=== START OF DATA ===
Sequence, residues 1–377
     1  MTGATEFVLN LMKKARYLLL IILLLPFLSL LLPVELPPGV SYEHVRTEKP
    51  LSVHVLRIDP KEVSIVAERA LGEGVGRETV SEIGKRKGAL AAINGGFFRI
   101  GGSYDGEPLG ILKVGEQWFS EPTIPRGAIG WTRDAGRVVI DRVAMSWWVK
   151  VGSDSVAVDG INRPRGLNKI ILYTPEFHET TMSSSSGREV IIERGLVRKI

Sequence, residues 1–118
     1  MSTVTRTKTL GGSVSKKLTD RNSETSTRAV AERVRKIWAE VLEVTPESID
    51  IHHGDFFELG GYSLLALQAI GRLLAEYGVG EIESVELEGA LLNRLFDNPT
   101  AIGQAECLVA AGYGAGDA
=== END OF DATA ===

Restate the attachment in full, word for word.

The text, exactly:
Sequence, residues 1–377
     1  MTGATEFVLN LMKKARYLLL IILLLPFLSL LLPVELPPGV SYEHVRTEKP
    51  LSVHVLRIDP KEVSIVAERA LGEGVGRETV SEIGKRKGAL AAINGGFFRI
   101  GGSYDGEPLG ILKVGEQWFS EPTIPRGAIG WTRDAGRVVI DRVAMSWWVK
   151  VGSDSVAVDG INRPRGLNKI ILYTPEFHET TMSSSSGREV IIERGLVRKI

Sequence, residues 1–118
     1  MSTVTRTKTL GGSVSKKLTD RNSETSTRAV AERVRKIWAE VLEVTPESID
    51  IHHGDFFELG GYSLLALQAI GRLLAEYGVG EIESVELEGA LLNRLFDNPT
   101  AIGQAECLVA AGYGAGDA